No-one paid her any attention. At length, Maryanne took a cotton handkerchief from her daypack and covered her mouth and nose with it. The smell of the burning wasn’t offensive but it was sharp and smoky. She gasped at one point when the old man’s blacked bones jerked upright in its orange flame. Just as suddenly, the torso bones fell. There were two attendants, each with several burning bundles to mind. When one returned to check on progress, he poked anything protruding back into the blaze. The limbs took the longest to burn.

When the fire burnt down to ash, Maryanne started to cry into her handkerchief as secretly as she could. She was remembering the coffin hewn by Trevor’s only brother from planks of wood from the tree that killed him. This is exactly what happened to you Trev, except all we saw was blue velvet crematorium curtains.

In the middle of this rush of intense emotion, a cow walked in from the street and past her. Puri had many holy cows and also many stray dogs and they roamed where they wanted. But here? It introduced a sense of the ridiculous. All over the Ghats, she saw, cattle and dogs were wandering about or dozing here and there in warm hollows. No-one found the presence of the animals perturbing. Trev would love it.

Another ambulance pulled up with its cargo. Another old man, even more emaciated than the first. He was carried down to the burning grounds. A bony Brahmin cow swayed over and snatched up its garland of marigolds.


Maryanne returned to the esplanade.

Camel rides were in full swing across the sandy expanse. A few young women swam in saris, not swimsuits. A new wave of grief caught her in its knuckles: couples everywhere. She hailed a rickshaw by holding up a twenty rupee note. Made it clear she wouldn’t negotiate further.

Back at the Zed, she saw Jackie on the veranda displaying party dresses that she’d bought for her grandchildren. Instead of joining them all, Maryanne caught the manager’s eye. ‘Can you send dhal and rice to my room? And tea in the morning at seven? I’ll go to Konarak tomorrow,’ she advised. Declined his offer to book her a taxi.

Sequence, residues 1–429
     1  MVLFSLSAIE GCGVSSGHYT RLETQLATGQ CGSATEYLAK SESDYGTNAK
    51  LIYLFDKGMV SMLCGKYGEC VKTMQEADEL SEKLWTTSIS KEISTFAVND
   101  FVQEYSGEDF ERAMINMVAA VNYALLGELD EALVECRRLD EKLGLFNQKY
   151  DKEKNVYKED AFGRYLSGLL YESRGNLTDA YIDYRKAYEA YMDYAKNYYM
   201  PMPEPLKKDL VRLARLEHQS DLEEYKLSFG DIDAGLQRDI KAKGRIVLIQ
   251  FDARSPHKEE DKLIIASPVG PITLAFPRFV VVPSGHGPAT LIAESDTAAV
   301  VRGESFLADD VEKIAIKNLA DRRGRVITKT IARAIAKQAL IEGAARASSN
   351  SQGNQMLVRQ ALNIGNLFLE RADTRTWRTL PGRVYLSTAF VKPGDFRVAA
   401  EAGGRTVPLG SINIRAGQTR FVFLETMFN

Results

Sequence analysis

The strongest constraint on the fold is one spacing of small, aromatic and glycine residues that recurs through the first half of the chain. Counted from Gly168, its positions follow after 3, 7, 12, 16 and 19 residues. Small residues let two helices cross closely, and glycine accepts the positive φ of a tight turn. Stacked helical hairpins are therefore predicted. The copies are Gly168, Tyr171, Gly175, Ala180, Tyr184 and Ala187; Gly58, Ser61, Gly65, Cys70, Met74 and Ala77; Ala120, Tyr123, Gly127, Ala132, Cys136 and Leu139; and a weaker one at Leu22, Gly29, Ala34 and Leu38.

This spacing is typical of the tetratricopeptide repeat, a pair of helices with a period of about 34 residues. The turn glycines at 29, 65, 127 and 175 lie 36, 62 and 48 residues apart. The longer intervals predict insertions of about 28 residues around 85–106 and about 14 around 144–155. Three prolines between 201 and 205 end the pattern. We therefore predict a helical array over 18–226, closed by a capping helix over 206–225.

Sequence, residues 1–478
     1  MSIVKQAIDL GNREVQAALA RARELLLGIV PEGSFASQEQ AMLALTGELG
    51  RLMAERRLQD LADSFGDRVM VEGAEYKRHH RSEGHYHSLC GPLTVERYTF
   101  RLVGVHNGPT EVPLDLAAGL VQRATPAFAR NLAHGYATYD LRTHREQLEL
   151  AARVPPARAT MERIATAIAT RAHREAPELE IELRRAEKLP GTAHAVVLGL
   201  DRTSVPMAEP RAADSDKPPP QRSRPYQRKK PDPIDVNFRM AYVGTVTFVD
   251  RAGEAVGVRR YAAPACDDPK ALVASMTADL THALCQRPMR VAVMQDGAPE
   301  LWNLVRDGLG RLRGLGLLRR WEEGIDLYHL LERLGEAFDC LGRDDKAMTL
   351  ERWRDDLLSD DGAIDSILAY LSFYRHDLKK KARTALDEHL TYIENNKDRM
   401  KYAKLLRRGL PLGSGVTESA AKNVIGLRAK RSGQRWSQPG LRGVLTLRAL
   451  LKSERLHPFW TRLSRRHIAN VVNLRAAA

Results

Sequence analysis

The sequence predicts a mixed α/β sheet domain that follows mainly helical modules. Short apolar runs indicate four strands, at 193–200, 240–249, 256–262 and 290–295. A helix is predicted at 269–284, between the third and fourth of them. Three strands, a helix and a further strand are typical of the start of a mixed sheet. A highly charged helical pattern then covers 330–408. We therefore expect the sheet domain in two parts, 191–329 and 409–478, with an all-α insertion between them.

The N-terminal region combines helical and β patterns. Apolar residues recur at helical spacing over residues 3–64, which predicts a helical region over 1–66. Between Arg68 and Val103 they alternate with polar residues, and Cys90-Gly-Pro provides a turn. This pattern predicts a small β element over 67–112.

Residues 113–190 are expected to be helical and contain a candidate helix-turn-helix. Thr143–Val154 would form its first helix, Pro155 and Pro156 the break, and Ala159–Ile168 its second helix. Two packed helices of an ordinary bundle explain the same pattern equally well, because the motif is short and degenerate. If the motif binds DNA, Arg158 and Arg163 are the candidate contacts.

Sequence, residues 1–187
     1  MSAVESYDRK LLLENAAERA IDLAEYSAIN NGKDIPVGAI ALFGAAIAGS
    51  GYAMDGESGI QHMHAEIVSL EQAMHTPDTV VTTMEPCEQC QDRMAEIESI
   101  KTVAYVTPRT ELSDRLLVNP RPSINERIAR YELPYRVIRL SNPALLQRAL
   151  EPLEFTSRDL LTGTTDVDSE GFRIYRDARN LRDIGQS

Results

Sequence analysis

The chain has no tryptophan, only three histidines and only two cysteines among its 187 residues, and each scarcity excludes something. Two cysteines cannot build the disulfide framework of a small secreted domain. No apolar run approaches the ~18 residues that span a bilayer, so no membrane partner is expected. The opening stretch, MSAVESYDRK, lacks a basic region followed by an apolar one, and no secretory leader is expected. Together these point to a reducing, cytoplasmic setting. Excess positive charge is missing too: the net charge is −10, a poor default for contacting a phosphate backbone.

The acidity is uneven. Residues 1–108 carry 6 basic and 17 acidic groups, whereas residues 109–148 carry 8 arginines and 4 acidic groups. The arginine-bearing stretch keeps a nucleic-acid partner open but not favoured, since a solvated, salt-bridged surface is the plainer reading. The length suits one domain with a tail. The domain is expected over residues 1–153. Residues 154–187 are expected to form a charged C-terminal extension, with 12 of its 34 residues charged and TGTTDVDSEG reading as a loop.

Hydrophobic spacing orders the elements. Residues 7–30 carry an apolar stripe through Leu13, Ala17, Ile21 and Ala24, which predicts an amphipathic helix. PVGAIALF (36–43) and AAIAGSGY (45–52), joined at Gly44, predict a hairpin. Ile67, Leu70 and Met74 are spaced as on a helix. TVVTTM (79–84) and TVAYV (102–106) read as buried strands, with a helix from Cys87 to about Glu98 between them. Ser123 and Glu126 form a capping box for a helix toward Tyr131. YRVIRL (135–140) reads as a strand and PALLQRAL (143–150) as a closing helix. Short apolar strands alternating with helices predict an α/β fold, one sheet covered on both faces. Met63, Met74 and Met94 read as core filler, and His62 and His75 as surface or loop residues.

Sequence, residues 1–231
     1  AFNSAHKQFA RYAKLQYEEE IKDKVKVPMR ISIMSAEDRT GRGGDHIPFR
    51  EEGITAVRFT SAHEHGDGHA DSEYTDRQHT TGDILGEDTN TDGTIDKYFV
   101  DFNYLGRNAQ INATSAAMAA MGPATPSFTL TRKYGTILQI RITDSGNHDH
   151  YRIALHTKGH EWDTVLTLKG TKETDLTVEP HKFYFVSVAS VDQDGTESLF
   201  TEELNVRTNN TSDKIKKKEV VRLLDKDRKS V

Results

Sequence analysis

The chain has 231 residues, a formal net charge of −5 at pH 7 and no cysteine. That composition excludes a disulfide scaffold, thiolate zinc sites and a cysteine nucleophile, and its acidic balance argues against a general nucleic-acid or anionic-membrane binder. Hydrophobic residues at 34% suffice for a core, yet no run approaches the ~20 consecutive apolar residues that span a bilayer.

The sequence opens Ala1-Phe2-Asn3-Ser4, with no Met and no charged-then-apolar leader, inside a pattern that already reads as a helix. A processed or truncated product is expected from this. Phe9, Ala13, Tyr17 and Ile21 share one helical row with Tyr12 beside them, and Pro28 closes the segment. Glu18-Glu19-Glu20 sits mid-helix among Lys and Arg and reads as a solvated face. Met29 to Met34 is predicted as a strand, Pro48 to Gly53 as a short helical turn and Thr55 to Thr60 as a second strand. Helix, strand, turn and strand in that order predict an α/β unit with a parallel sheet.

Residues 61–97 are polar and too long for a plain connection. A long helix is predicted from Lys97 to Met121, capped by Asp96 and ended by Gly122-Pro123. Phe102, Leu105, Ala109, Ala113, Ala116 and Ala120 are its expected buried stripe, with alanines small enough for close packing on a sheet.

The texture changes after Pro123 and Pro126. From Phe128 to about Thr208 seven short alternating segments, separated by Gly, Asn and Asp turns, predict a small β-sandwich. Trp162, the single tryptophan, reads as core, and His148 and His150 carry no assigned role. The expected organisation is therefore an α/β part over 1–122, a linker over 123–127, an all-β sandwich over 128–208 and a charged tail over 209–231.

Maryanne tipped ‘the boy’ when he came. He too called her Maa. She missed her pet name, M.A. which people in Peachester used. Em-Ay. She picked at the food although it was tasty then placed the tray outside the door. Crawled under the mauve net and into the sheets.


There was one consolation – she missed repeating this observation to all and sundry now she was here in India – she’d told Trevor she loved him the night before he died. They didn’t declare their love so often anymore – it was, after nearly forty years together, something both took for granted – but on what had proved to be their last night, she had. They were talking over their days – hers at the prison for men and his at the hospital. She lolled in the bathtub and he sat on the toilet seat, cross-legged because, with all the meditation he did, he found that position comfortable. She pushed up against the back of the tub and said, ‘I love you.’ A film of bathwater shone on her small breasts. Her toenails were happy dots of cherry red against the porcelain. His weathered face was serene as he shrugged philosophically, ‘Without the swami, we wouldn’t have this.’ His last words because, by the time she’d joined him in bed, he happened to be asleep and in the morning he left early (as usual) because he had further to drive, his love-you and have-a-good-day pot of tea on the bedside table. And when she came home at dusk, it was his silence that sent her running down the paddock. Saw the chainsaw first. It had cut itself a crazy path through the kikuyu, gouging at the loam in somersaults until it had run out of fuel. The evening: cool, and so quiet. Fresh dark leaves of the avocado tree at her feet. Knowing then. Turning. Feeling her arms and her voice rising up before her eyes found him. Under a heavy skirt of dense green leaves. Pinned. Crushed by the old avocado tree limb that he’d climbed to trim. One consolation.